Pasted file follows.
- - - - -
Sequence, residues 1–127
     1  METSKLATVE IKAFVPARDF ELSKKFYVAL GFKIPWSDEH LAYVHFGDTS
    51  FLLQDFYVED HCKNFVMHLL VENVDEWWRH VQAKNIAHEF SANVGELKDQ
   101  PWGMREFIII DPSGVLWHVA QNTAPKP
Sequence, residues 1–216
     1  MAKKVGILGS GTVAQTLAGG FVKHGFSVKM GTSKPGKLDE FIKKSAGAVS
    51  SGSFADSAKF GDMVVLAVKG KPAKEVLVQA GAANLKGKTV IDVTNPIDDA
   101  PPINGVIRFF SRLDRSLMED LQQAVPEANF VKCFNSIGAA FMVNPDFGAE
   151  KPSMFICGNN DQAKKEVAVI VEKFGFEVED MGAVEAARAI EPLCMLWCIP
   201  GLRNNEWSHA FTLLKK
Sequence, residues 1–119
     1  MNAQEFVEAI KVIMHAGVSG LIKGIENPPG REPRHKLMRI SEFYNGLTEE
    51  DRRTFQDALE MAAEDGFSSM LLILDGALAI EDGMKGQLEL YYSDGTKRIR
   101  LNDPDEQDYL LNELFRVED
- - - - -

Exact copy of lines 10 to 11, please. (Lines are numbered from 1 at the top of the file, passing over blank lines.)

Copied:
   201  GLRNNEWSHA FTLLKK
Sequence, residues 1–119